Of particular significance to OEHHA’s proposed regulatory amendment is the Proposition 65 listed chemical acrylamide, which can often form in certain plant-based foods during high-temperature cooking processes, such as frying, roasting, or baking. Acrylamide was first added as a Proposition 65 listed chemical in 1990 after studies showed it had the potential to produce cancer in laboratory mice. Acrylamide was additionally listed as a reproductive toxin in February 2011, when OEHHA determined that the chemical could cause reproductive effects in mice. Despite the relatively long period of time Acrylamide has been listed as a Proposition 65 regulated chemical, private party enforcement actions over the chemical have spiked heavily in recent years. In response, on October 7, 2019, the California Chamber of Commerce filed suit in federal court against the California Attorney General, Xavier Becerra, seeking to block enforcement of Proposition 65’s warning requirements for foods containing acrylamide as the result of the normal cooking process. The Chamber’s complaint alleged that more than 461 companies have received Proposition 65 notice of violations “in connection with alleged exposures to acrylamide in their food products over the past three years.” The complaint further noted that the creation of acrylamide is an unavoidable effect of cooking many plant-based foods and that “there is a lack of reliable scientific evidence suggesting a causal relationship between acrylamide in food products and cancer risk in humans.”
OEHHA’s proposed regulatory amendment appears aimed at addressing the specific concerns asserted in the Chamber of Commerce litigation. In its Statement of Reasons for the proposed amendments, OEHHA acknowledge that the regulatory amendment was needed because “some degree of formation of listed chemicals in many foods is unavoidable when the foods are cooked or otherwise processed with heat.” In addition, OEHHA noted that the agency would consider adding additional food groups to the proposed regulations at a later date.
The proposed regulations provide that a Proposition 65 “exposure” does not occur where a listed chemical in a food product “was created by cooking or other heat processing” and “the producer, manufacturer, distributor, or holder of the food has utilized quality control measures that reduce the chemical to the lowest level currently feasible.” In conjunction with this amendment, the amended regulations provide new Safe Harbor maximum concentration levels for listed chemicals in certain cooked or heated foods that are deemed by OEHHA to be the “lowest level currently feasible.” Food products containing a listed chemical at or below the listed levels are not required to provide a warning under Proposition 65. Listed food groups with specific new Safe Harbor Levels covered by the regulation include:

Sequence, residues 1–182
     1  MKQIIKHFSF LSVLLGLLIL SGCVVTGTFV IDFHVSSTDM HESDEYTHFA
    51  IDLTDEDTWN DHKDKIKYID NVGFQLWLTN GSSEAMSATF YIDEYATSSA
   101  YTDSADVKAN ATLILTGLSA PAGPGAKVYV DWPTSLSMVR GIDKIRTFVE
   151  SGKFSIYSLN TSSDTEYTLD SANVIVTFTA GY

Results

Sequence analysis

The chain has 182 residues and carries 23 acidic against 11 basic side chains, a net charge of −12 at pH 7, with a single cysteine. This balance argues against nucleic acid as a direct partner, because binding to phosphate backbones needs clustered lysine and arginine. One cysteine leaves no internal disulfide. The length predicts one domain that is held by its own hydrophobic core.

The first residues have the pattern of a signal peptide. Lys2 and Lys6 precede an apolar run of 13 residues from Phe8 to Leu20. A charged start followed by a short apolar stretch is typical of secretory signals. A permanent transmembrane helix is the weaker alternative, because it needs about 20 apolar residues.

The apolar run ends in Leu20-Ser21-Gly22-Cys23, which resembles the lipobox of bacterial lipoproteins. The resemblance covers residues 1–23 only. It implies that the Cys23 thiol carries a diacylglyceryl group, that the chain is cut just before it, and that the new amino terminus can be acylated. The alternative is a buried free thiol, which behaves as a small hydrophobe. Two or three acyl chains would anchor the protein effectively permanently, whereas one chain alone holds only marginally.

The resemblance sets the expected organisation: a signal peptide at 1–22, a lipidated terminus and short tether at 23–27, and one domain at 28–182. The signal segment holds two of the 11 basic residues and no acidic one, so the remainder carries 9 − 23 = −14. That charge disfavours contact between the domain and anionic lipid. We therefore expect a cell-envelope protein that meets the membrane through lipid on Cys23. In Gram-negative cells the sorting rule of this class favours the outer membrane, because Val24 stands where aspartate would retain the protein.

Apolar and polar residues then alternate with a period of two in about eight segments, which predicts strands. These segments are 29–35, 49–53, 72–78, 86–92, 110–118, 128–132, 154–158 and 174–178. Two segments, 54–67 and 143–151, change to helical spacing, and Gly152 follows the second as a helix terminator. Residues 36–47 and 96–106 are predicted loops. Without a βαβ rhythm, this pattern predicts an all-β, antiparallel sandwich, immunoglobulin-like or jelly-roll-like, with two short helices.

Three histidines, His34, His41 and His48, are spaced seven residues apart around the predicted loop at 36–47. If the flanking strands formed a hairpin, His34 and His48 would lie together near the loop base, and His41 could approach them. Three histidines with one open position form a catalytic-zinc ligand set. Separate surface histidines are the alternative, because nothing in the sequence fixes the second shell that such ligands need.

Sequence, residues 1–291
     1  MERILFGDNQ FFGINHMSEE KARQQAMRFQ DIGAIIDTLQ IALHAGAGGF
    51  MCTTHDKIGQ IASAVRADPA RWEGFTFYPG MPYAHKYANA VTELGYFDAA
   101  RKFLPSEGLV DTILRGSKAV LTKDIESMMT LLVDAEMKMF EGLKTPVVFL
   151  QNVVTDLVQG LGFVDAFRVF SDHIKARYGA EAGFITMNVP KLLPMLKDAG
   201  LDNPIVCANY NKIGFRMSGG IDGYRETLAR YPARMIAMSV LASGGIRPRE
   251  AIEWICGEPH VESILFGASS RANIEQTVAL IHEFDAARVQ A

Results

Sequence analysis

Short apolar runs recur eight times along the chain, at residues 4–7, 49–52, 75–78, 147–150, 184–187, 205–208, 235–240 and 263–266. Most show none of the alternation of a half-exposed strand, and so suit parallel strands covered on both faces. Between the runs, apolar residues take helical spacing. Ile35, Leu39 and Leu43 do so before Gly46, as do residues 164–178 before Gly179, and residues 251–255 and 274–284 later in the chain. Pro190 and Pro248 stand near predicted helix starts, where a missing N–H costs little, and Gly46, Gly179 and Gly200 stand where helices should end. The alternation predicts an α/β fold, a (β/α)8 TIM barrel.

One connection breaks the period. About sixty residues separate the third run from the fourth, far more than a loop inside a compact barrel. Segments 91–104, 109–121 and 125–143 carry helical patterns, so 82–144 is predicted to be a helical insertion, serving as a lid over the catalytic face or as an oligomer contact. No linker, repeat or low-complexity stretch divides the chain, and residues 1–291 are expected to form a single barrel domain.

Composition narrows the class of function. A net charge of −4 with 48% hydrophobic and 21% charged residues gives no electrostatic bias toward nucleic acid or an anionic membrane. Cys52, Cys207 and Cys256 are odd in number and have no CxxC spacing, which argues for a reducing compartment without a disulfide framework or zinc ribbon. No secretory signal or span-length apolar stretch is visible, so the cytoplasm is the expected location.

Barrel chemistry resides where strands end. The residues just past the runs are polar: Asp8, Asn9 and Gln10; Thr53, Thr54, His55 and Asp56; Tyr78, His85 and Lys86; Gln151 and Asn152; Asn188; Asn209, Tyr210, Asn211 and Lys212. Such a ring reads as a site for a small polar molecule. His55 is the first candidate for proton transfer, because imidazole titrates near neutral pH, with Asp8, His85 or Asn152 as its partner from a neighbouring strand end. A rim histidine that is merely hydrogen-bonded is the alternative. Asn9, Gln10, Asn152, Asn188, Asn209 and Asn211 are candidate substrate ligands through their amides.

- Almonds, roasted, roasted almond butter, and chocolate-covered almonds;
- Bread, wheat and non-wheat-based products including loaves, rolls, buns, and baguettes;
- Cookies, including animal crackers, thin and crispy cookies, and sandwich wafers;
- Potatoes and sweet potato products, including french fried potatoes, sliced chips, and other potato products such as hash browns and potato puffs;
- Prune juice, including made from concentrate and non-concentrate; and
Notwithstanding the new proposed Safe Harbor Levels, the last sentence in new Section 25505(a) could still result in Proposition 65 claims. The sentence provides “[i]f a person does not reduce the level of the chemical in a food to the lowest level currently feasible, the resulting exposure must be calculated without regard to the levels set out in subsection (d).” Although this may not have been the intent of OEHHA, this language could be read to allow a Proposition 65 plaintiff to still claim that a manufacturer failed to utilize control measures that reduce the chemicals to the “lowest level currently feasible” even if below the Safe Harbor Level. Hopefully OEHHA will clear up this potential ambiguity in any final rule.
We also note that while the newly proposed amendments may assist many potential defendants, the updated Safe Harbor Levels explicitly will not apply “to parties to an existing court-ordered settlement or final judgment to the extent that such settlement or judgment establishes a concentration of the chemical in a specific product covered in the settlement or judgment.”
OEHHA is currently accepting written comments concerning its proposed regulatory action and intends to close its comment period no later than October 6, 2020. At present, OEHHA has not announced an intended final publication date for the proposed regulations, but the agency has noted that it anticipated its regulatory process may be delayed “due to the COVID-19 emergency.”
Does Environmental Investigation and Remediation Continue Despite COVID-19 Business Restrictions and Social Distancing?
By: Alexander J. Bandza, Steven M. Siros, and Gabrielle Sigel